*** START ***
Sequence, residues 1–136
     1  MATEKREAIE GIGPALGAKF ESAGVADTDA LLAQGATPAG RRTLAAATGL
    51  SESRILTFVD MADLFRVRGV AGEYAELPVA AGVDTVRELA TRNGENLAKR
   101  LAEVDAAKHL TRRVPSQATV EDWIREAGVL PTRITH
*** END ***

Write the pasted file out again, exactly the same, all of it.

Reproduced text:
Sequence, residues 1–136
     1  MATEKREAIE GIGPALGAKF ESAGVADTDA LLAQGATPAG RRTLAAATGL
    51  SESRILTFVD MADLFRVRGV AGEYAELPVA AGVDTVRELA TRNGENLAKR
   101  LAEVDAAKHL TRRVPSQATV EDWIREAGVL PTRITH